Part of our visit involved getting her into a safe space where she could say all the things you're not supposed to say when going through something really hard.  I think if you're in the midst of hell you get to say what you want about your own fears, pain, anger or whatever and your people are required to let it bounce off.   I do think it's important to know when this 'say what you need to' is appropriate. It was clear to me that I had no advice to give, all I had was a kind ear and the occasional agreement that some of the "go to" things that people say to be helpful simply aren't. Things like:

1) God has a plan.
2) God won't give you more than you can handle.
3) Doctors can be wrong, everything will be just fine.
4) Don't give up hope.
5) Have you tried to do XXXX?

1& 2: The God business is rough.  I believe in God, albeit not in the ghostly white ball of light way, but in the there can be beauty in all things way.  I don't think God takes time to decide when we're going to get cancer or hit by a drunk driver or die of old age.  I think God is in the people who come to our aid and comfort us in those dark times.  God is part of the "I guess I'll take one more step" spunk that some of us pull from nowhere.   I call it God, you may call it something else and that's fine.  But, damn it, don't use God to explain away the dark, terrible things that happen.  These things are part of life and we will all go through death in one way or another.  Sure, we may grow from these experiences and be a different person or maybe even happy on the other side, but pick your moment to talk about God when dealing with folks who have to remember to breathe from second to second.  With that said, please pray like crazy for your friends if that's your thing.  They may not believe in it, but if you do - send those good intentions into the world.  It can't hurt.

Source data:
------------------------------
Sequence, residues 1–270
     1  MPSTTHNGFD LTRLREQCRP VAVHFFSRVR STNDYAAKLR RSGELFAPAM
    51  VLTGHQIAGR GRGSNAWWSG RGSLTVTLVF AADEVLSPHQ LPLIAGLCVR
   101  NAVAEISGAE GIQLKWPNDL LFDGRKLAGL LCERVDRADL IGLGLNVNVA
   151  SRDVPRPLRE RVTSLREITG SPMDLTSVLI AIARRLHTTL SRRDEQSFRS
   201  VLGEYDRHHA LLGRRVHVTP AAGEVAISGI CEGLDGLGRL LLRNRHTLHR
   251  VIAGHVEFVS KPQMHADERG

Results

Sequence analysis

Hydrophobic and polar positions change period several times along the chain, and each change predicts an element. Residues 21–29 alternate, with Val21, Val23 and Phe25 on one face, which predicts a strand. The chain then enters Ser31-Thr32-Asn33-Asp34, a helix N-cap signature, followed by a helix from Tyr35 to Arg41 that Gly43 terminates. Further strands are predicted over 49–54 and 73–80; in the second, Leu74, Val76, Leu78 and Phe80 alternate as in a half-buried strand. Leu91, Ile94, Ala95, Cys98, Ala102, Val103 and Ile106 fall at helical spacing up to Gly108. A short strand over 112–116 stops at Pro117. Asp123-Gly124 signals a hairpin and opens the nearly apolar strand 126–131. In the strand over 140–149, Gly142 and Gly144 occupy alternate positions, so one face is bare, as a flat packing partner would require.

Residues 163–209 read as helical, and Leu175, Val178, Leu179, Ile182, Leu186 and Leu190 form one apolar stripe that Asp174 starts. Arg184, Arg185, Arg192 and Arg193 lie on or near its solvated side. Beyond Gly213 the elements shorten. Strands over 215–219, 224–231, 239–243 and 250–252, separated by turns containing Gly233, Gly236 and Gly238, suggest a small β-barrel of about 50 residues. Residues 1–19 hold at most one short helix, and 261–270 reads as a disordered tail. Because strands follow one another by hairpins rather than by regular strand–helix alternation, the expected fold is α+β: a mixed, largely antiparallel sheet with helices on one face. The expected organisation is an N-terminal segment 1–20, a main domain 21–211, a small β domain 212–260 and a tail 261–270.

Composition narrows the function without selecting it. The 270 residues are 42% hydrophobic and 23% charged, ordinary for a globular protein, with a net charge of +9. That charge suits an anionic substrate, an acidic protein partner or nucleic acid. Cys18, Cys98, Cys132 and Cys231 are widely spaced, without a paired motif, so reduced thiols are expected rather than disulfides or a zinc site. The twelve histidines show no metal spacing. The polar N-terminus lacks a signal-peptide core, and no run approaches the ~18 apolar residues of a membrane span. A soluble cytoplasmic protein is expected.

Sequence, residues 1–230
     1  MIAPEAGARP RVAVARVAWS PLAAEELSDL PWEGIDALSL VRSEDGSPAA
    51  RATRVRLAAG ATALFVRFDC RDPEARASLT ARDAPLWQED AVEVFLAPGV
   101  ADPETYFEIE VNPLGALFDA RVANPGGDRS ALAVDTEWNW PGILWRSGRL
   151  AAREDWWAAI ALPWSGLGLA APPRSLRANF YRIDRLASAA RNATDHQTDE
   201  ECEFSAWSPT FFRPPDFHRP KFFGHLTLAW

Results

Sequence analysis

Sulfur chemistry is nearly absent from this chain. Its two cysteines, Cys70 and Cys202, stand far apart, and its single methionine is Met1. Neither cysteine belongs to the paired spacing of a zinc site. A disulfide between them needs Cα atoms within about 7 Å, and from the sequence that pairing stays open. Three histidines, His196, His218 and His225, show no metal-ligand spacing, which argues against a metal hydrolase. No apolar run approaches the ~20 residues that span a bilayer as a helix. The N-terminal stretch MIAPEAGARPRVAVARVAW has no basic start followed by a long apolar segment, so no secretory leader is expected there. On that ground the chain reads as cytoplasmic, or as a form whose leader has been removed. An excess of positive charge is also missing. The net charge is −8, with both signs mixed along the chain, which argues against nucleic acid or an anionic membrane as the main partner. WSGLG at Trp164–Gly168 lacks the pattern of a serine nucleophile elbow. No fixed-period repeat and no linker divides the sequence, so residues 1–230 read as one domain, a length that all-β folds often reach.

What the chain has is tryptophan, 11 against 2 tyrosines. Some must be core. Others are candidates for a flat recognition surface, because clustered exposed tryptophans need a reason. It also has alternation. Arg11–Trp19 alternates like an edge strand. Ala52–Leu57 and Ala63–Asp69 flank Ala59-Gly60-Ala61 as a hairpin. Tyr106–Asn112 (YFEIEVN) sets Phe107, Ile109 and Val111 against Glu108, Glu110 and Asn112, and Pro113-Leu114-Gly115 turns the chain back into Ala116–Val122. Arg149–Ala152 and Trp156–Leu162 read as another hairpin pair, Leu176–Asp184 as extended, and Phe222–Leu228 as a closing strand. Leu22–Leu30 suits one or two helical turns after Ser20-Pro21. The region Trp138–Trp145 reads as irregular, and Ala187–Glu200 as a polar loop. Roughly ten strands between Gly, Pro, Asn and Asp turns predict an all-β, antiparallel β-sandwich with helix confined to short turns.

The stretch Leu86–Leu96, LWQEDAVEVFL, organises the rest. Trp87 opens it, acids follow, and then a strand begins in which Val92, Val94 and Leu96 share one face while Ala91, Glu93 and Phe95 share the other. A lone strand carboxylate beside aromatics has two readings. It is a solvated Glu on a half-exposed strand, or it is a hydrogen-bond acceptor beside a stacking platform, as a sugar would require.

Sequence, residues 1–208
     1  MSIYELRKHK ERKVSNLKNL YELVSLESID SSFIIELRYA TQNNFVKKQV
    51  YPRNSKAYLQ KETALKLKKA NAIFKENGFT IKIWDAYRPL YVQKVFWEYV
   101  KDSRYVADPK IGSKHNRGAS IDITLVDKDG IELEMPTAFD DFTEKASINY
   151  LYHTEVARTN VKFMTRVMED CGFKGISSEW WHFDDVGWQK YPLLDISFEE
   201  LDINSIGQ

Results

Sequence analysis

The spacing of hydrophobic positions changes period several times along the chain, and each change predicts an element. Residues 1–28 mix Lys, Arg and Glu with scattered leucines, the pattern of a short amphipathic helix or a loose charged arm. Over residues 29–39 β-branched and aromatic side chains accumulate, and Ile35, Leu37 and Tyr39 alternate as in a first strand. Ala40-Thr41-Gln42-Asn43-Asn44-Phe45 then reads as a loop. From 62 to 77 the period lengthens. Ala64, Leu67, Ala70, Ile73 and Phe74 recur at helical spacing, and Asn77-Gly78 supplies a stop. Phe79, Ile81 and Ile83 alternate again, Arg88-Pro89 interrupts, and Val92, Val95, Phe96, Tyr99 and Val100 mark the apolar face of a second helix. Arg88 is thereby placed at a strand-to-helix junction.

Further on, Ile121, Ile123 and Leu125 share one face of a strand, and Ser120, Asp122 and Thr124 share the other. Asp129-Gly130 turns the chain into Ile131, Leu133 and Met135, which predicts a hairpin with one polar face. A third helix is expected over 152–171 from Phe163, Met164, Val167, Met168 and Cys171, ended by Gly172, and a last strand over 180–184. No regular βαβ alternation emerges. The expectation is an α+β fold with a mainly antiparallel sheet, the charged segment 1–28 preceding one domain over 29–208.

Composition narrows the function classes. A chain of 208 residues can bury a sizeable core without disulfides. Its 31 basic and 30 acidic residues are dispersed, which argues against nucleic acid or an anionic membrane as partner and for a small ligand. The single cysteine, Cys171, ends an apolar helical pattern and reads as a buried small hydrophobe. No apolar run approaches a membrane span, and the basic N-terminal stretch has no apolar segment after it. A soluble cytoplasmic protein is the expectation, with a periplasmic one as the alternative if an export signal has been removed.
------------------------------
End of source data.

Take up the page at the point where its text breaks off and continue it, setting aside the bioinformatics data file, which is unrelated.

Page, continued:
3: Doctors can be wrong.  Indeed, but you my friend are not  a doctor.  If a diagnosis is from a real, honest to betsy, knows how to bill insurance doctor, then shaddup about the Neurosurgeon being wrong.  Chances are, by the time your friend tells you what the doctor has said they've seen a couple doctors.

4: Don't give up hope.  This seems harmless, but to some folks, hope is risky.  Hope can open you up to more pain.  Again, this is all about knowing your audience.  For some, expecting the worst is a way of protecting their hearts.  My friend said this exact thing, and I told her that I would do the hoping for her.  Someone needs to hope and if you don't have it, I'll do it!

5: Have you tried XXX?  See #3.  All experiences are different and the all fruit diet that Aunt Mertha used to clear up her pancreatic cancer may not be the best option for me.  One of the things that I think is the most scary about dealing with something like cancer is that there isn't a map.  First you'll go here for 3 weeks, then here for 2 months, then we'll do this.  It's pretty much different for each person.  If you have a good doctor referral, give it up.  Other than that just, listen listen listen then listen some more.

In the end, even those folks who say the wrong thing (often that's me) only mean well and are trying their best.  It's important to remember that when reacting to the oddball things that are said.  Now, if someone suggests that it is your own fault that terrible thing X happened to you, you're allowed to pop them in the nose.  Clarification:  if you're about to get a Darwin Award then it may be your own fault and hold the nose popping for further analysis.

So, I'm filled with perspective this week.  I'm over the moon happy with my life these days and yet that real world stuff oozes in.  I suppose this is real life.  Oh how I'd like to punch it in the throat every now and then.